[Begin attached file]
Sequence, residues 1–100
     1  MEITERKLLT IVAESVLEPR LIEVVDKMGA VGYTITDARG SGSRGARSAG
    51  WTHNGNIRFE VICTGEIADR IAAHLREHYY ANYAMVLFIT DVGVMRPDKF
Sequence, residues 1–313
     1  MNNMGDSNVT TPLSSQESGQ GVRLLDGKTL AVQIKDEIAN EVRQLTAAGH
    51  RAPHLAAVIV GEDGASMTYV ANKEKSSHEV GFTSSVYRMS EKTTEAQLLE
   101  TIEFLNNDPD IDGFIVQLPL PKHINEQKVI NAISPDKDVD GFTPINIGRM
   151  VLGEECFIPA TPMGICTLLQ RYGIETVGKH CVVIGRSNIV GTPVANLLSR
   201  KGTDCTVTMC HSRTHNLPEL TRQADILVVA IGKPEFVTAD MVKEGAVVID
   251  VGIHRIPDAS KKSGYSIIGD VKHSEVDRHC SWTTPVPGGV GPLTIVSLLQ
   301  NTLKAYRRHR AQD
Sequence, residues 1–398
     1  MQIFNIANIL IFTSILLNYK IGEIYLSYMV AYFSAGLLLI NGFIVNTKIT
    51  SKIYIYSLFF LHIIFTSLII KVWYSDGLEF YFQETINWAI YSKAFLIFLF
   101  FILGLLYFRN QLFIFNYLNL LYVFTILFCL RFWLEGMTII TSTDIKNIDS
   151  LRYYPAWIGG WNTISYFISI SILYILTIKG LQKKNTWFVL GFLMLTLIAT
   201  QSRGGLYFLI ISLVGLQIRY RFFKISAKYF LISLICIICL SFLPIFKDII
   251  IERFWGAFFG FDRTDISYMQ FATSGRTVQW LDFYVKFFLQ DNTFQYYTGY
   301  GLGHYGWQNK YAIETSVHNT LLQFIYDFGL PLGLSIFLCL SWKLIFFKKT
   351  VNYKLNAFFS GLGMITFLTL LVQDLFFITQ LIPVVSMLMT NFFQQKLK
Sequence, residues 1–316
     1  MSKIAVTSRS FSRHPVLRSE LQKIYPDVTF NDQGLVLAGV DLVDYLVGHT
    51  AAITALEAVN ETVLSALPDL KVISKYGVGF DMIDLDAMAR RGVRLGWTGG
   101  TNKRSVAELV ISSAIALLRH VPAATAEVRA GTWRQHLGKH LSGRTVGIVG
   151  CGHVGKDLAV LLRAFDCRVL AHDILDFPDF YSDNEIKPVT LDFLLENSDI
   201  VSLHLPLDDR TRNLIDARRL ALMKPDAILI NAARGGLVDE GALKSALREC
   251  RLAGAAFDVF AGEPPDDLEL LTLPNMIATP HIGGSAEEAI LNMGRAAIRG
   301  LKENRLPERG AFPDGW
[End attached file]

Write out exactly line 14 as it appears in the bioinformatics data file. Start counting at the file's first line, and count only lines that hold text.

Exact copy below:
    51  SKIYIYSLFF LHIIFTSLII KVWYSDGLEF YFQETINWAI YSKAFLIFLF